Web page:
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USGS Prepares for 2000 Hurricane Season with Updated Storm-Response Plan
Released: 7/20/2000

Contact Information:
U.S. Department of the Interior, U.S. Geological Survey
Office of Communication
119 National Center
Reston, VA 20192
Marion Fisher 1-click interview
Phone: 703-648-4538 | FAX: 703-648-4588

With the first month of the official hurricane season peacefully behind us, the U.S. Geological Survey (USGS) is keeping an ever-watchful eye out for hurricanes and severe tropical storms approaching the Atlantic and Gulf coasts of the United States.

The USGS coastal storm-response plan, an internal document drafted and piloted by the Bureau during the 1998 hurricane season, has been revised for the Year 2000. The plan provides the infrastructure and process for forming unique USGS storm-response teams each time a severe coastal storm threatens the lives and property of U.S. citizens in the eastern and southeastern parts of the country.

The storm-response team is comprised of USGS managers and specialists in the fields of hydrology, biology, mapping, geology, and communications. This team of experts coordinates operations and logistics with the USGS Center for Integration of Natural Disaster Information http://cindi.usgs.gov to ensure the timely and efficient collection and distribution of USGS data that is critical for use by emergency management officials at the local, state, and federal level.

"Here at USGS, our goal is to make certain that emergency managers have the critical scientific data they need to make informed decisions on the safety issues that surround hurricanes and other natural hazards, decisions that must be made quickly and can have a significant impact on lives and property," said Charles G. Groat, Director of the USGS. "Communities can also use USGS information when they make decisions on how to ensure a safer tomorrow."

When a hurricane or severe storm threatens the lives and property of U.S. citizens, USGS geographers respond to requests from local, state, and other federal agencies (Federal Emergency Management Agency, American Red Cross, U.S. Army Corps of Engineers, and the National Imagery and Mapping Agency) for maps of areas possibly affected by the potential hazard. Emergency relief workers use these maps to plot the boundaries of a potential disaster area to determine the number of households involved. This vital information is needed to estimate the amount of food, clothing, and shelter that might be needed by people in areas affected by a severe storm.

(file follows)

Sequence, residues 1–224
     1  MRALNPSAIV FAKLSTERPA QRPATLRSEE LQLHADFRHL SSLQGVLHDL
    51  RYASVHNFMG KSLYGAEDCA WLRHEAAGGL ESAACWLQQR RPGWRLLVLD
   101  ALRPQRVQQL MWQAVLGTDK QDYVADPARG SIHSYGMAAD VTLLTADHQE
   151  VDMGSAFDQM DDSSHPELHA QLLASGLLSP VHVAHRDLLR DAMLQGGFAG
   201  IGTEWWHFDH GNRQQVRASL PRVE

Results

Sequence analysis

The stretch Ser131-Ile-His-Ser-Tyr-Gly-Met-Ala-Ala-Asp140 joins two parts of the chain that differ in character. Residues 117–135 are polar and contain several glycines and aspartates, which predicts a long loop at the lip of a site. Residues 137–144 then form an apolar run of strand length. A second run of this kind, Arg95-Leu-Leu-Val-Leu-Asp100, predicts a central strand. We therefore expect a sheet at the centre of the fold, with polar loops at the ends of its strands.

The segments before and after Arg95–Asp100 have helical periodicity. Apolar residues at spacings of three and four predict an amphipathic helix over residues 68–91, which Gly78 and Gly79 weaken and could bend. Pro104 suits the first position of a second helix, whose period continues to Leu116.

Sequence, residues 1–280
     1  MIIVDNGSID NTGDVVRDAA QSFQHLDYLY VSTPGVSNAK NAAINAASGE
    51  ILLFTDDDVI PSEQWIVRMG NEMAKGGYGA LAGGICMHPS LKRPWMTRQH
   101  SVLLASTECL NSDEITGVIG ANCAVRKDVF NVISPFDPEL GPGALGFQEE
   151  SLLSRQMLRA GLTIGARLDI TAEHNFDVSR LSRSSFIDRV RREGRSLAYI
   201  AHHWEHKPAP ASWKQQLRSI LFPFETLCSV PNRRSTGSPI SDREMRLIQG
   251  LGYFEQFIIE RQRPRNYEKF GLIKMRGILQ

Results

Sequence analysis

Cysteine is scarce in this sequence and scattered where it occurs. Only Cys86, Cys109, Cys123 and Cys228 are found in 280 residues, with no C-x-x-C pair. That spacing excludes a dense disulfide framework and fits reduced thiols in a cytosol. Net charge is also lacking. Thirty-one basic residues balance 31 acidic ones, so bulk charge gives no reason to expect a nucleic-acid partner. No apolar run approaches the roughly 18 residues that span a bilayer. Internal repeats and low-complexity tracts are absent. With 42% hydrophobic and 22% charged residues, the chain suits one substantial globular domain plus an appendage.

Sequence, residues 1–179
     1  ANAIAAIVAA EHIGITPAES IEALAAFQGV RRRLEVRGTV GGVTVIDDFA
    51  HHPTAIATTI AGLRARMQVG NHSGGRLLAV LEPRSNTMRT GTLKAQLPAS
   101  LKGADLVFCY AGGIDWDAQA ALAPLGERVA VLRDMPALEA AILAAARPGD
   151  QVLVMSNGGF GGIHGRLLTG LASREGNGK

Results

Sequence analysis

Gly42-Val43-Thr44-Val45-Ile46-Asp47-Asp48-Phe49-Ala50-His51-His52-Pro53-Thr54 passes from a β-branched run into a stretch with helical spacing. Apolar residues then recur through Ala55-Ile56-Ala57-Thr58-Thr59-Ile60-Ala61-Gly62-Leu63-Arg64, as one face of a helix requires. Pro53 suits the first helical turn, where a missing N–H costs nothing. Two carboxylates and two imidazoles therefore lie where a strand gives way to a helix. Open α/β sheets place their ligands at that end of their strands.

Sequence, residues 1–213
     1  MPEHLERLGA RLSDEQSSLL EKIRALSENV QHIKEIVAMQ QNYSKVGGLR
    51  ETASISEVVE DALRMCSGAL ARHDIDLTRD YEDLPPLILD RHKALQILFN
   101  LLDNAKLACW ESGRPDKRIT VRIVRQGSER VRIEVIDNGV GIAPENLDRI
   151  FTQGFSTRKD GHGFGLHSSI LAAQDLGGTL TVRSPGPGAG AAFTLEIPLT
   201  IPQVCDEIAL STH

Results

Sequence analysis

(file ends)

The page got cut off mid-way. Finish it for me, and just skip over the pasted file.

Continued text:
During the storm itself, near "real-time" stream data (stage and volume of water) are automatically relayed by satellite telemetry from many locations around the country as part of a nationwide network of USGS streamgaging stations. These crucial data are received by the National Weather Service and other government agencies responsible for issuing flood warnings to safeguard the lives and property of people during a severe storm. Near real-time stream data for stations all over the country are provided at http://water.usgs.gov/realtime.html on the Internet.

In addition, USGS field scientists in coastal states are looking at what natural resources, from beaches and wetlands to endangered species, might be adversely affected by the fury of a hurricane or severe tropical storm. Routine monitoring and data collection of these natural resources before a storm provide USGS scientists with baseline information for comparison of resources after a storm. For instance, habitat mapping of wetlands by aerial photography before and after a storm allows biologists to better understand the possible effects of a hurricane (due to sedimentation and erosion) on a species’ food supply and living conditions.

One possible long-term effect of repeated hurricane activity is greatly accelerated erosion along a coast. The results of coastal change studies using remote sensing techniques and on-the-ground measurements and observations by USGS scientists are extremely useful not only for coastal planners and managers, but property owners as well. "When we know the coastal profile, the shoreline cities can make better plans to prevent unnecessary property losses," said Bruce Richmond, USGS geologist, who specializes in storm effects. USGS scientists also assist in measuring high water levels related to tidal storm surge along an affected coast after a hurricane.

The USGS serves the nation by providing reliable scientific information to describe and understand the Earth; minimize loss of life and property from natural disasters; manage water, biological, energy, and mineral resources; and enhance and protect our quality of life.

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